You expect certain things as your loved ones grow older: Hair changing colors, the need for bifocals, stories about “When I was your age”. Hearing loss is another change that we connect with aging. There are numerous reasons why this occurs: Exposure to loud sounds (whether job-related or from a youth spent at rock concerts), medications that cause harm to structures inside of the ear (some forms of chemotherapy, for example, have this side effect), or simply changes to the inner ear.
But you can’t simply ignore the hearing impairment of an older friend or relative just because you knew it would happen. Particularly because age-related hearing trouble can be elusive, it takes place gradually and over time, not abruptly and dramatically, you might work around it by just speaking more clearly or turning up the volume. So here are four primary reasons you should take hearing loss seriously, and talk to your loved one about ways to deal with it.
1. Unnecessary Risk is Created by Hearing Impairment
In a large building, smoke or fire alarms have a visual component (typically a flashing light) along with being incredibly loud, but most home alarms don’t. Fire is a drastic illustration, but hearing loss can cause sufferers to lose other day-to-day cues: Receiving a phone call, a delivery person ringing the doorbell, or (and yes, we’re back in potentially very hazardous territory here) car horns. A decreased ability to respond to auditory cues can result in minor inconveniences or major risks.
2. Hearing Loss Has Been Linked to an Increased Risk of Cognitive Decline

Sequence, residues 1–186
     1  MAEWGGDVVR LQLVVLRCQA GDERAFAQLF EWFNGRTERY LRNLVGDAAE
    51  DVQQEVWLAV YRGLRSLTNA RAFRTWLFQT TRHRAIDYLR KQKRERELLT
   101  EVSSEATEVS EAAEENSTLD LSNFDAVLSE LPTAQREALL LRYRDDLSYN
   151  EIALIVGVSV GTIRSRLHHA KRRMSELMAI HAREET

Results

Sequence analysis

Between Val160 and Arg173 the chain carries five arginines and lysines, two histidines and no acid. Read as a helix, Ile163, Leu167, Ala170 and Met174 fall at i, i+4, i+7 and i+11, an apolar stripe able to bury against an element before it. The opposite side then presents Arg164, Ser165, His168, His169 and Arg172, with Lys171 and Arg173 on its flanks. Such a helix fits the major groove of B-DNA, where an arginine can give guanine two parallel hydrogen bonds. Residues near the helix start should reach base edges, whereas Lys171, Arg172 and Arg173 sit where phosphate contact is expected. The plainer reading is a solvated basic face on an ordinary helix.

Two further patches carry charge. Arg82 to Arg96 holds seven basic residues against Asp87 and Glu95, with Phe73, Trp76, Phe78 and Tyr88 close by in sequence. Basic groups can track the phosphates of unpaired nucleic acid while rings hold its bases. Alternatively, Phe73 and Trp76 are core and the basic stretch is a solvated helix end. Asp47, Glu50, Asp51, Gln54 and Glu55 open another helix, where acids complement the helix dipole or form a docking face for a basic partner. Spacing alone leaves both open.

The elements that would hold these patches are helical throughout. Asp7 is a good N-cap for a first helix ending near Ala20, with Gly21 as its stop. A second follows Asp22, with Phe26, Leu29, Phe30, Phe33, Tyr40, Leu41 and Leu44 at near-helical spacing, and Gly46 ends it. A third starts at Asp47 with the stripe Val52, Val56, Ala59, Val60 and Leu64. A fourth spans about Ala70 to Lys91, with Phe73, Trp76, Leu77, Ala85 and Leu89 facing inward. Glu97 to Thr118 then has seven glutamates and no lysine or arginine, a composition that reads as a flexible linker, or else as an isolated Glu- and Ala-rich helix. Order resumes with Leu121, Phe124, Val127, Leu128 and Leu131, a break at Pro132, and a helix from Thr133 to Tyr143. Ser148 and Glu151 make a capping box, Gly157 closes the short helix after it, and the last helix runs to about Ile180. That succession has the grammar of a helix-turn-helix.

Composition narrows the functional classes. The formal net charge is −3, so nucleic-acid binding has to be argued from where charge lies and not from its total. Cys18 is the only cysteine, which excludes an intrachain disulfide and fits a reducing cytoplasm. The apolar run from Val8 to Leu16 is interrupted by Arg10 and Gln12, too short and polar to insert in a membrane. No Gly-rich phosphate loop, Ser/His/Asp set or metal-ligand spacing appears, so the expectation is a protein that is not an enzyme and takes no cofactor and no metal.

There is a statistically significant connection between age related hearing loss and cognitive decline according to a large meta-study. What the relationship exactly is, is debated, but withdrawal from social activity which leads to a decreased level of engagement and less stimulation for the brain is a leading theory. Another leading theory is that the brain needs to work harder to try to fill in the missing auditory stimulus that’s lost with hearing loss, leaving less resources for mental function.
3. Hearing Loss Can be Expensive
Here’s a strong counter-argument to the idea that getting treatment for hearing loss is too expensive: Studies have found that, for many reasons, neglected hearing loss can hurt your wallet. For instance, people who have neglected hearing loss had, on average, a 33% higher medical cost, according to a 2016 study. Why? One of the study’s authors proposed that people who suffer with hearing loss might avoid preventative care due to difficulty communicating and thus wind up with a hefty bill because a major health problem wasn’t caught earlier. Other individuals suggest that hearing loss is related to other health issues such as cognitive decline. And if all that’s not enough think about this: Your paycheck could be directly impacted, if you haven’t already retired, because of a decline in productivity caused by hearing loss.
4. Hearing Impairment is Linked to Depression
Trouble hearing can have emotional and mental health repercussions, too. The inability to hear people clearly can result in anxiety and stress and increase detachment and solitude. This isolation is connected to unfavorable physical and mental consequences especially in older people. The good news: Social engagement will induce less anxiety with treatment for hearing loss and this will result in less depression. People who wear hearing aids to address hearing loss show fewer symptoms of depression and are more socially active according to a study done by the National Council on Aging.
How You Can Help
Communicate! We mean yes, talk to your family member about hearing loss, and keep the conversation flowing. This can help you determine the amount of hearing loss by supplying a second set of ears and it also furthers mental engagement. People older than 70 with hearing impairment commonly under-report it, though the reasons why are presently disputed. Secondly, encourage your friend or family member to come see us. Getting your hearing assessed on a regular basis can help you grasp how your hearing is changing and can establish a baseline of your current hearing impairment.